Well, despite the so-called recovery and rising incomes (although as we showed last week, real incomes adjusted for inflation are once again falling), nearly half (47%) of all renter households (21 million) pay more than 30 percent of their income for housing, including 11 million households paying more than 50 percent of their income for housing, according to a late 2017 report from Harvard's Joint Center for Housing Studies...
... which also found that soaring rental costs have rapidly eroded overall disposable income for the US middle class.
"While the market has responded to rental housing needs for higher-income households, there are alarming trends that suggest a growing inability to supply housing that is affordable for middle- and working-class renters, let alone those with very low incomes," said Christopher Herbert, the center's managing director.
Meanwhile, as the sub-luxury segment is facing an imminent crisis, the luxury segment is about to crack as rents on the high end flattened in the last year, and landlords are starting to offer concessions, like high-end amenity packages or a month's free rent.
"We're getting a pretty competitive leasing environment in select locations at those really high-end price points, and we've already gotten to flat to slightly declining rents," said Willett.
To be sure, none of this is happening outside the luxury market, where rent increases are still strong due to low supply. Developers say they simply can't afford to add anything but luxury.
"The two-by-four doesn't care whether it's in a luxury building or in an affordable building. It costs the same," said Bozzuto. "The differential of course, is the rent and there's a huge disparity in high-end rent versus low-end rent. So the issue is for us to develop an economically viable, feasible project, it has to be, by its very nature, high end. The rents have to be high to support the cost."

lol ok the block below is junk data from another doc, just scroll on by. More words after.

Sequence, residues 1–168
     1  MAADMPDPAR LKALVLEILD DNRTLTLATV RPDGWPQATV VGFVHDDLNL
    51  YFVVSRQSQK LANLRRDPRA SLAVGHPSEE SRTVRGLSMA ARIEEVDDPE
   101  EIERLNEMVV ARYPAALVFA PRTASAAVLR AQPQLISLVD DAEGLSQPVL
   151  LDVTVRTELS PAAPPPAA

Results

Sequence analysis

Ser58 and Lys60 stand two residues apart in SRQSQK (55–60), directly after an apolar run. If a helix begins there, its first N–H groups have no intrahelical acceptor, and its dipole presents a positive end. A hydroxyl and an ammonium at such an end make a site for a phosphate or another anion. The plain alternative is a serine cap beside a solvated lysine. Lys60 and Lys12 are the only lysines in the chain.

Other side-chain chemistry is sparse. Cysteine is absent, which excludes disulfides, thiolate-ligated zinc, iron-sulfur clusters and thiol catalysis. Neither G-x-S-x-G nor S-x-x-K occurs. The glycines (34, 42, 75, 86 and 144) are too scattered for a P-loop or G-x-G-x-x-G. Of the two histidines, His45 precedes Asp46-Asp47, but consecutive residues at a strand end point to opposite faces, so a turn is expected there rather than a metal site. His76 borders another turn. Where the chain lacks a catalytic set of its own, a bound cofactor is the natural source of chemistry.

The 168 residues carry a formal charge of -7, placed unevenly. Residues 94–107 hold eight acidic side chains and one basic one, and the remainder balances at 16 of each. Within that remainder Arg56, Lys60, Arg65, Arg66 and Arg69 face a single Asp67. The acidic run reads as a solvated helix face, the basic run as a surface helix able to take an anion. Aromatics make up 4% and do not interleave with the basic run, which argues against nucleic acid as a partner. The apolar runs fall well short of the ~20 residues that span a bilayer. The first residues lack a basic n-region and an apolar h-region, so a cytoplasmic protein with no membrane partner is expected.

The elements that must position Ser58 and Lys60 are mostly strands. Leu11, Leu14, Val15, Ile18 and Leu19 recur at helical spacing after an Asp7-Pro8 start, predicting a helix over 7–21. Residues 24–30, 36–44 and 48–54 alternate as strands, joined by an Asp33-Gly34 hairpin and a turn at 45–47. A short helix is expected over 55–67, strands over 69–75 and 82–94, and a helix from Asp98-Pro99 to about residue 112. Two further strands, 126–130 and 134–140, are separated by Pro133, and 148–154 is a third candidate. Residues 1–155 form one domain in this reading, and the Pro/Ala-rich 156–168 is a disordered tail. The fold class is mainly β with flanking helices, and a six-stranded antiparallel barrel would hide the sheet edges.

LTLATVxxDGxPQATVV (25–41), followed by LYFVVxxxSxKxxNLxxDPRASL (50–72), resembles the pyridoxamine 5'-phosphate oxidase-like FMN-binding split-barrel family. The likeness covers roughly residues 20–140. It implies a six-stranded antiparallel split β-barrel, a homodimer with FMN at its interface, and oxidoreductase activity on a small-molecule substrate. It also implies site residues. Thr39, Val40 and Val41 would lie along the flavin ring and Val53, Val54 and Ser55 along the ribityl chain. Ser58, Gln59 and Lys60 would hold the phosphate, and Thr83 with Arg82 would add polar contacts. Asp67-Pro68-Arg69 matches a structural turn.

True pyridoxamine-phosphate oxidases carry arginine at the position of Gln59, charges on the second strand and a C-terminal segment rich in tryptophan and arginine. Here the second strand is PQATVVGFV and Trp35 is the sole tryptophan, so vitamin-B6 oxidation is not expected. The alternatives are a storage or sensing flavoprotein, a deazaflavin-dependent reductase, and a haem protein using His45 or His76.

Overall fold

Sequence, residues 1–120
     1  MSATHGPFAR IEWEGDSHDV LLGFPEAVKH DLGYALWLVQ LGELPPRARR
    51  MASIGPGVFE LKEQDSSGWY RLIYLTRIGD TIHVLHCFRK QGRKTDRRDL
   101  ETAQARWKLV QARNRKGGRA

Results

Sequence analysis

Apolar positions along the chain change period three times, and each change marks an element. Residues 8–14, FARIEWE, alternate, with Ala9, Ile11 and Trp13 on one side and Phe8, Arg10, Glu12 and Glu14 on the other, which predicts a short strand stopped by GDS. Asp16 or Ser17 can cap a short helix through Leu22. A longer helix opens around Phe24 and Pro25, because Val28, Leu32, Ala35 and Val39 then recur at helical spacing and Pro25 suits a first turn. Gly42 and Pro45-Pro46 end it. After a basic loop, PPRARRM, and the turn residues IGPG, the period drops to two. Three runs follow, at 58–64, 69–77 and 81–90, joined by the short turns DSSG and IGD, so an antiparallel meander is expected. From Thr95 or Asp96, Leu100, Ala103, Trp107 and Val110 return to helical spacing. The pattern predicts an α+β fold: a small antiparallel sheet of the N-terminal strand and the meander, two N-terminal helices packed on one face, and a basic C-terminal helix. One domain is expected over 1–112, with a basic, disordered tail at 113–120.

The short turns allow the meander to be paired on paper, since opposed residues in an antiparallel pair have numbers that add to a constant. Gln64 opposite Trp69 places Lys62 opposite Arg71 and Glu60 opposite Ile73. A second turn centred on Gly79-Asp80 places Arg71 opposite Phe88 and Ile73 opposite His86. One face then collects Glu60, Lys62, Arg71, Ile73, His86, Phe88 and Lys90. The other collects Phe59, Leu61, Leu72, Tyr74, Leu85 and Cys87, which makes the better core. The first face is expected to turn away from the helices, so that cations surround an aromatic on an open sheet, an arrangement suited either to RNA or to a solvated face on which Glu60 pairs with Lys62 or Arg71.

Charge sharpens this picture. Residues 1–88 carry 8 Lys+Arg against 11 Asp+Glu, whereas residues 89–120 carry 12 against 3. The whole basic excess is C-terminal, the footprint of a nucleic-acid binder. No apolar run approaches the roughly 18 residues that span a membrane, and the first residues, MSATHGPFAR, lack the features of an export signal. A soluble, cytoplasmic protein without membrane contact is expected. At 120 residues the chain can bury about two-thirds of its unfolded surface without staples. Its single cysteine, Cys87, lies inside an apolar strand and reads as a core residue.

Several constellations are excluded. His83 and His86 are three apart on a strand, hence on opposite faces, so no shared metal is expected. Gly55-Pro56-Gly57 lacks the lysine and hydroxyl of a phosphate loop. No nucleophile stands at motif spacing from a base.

And for those who have troubling finding input cost inflation, here is where it's hiding: the cost of that two-by-four, lumber, is now at a record high. Other products like steel and concrete are more expensive, but the real cost spikes are in land and labor. Skilled construction labor is not only expensive, it is extremely difficult to find.
The biggest problem, for developers, is passing on these soaring input costs to renters, something which is virtually impossible when nearly half have zero incremental capacity to absorb even higher rents.
That's why developers are battening the hatches in anticipation of an inevitable pricing crisis that will sweep the entire rental industry.
"Those are finite and many, many of us are competing for those very finite resources," said Bozzuto, adding that the luxury market is, "on the precipice of oversupply, but I think macroeconomic conditions are actually going to keep us this year from developing much further. Costs in particular, land costs, hard costs mostly driven by labor, will ultimately make it harder to build new buildings."
Investors, according to Bozzuto, are now moving away from new construction and instead rehabbing older rental stock. These so-called value-add projects just raise the rents on current tenants even more.
Meanwhile, the Fed is unable to find inflation anywhere it looks or, as Janet Yellen recently said, it "remains a mystery."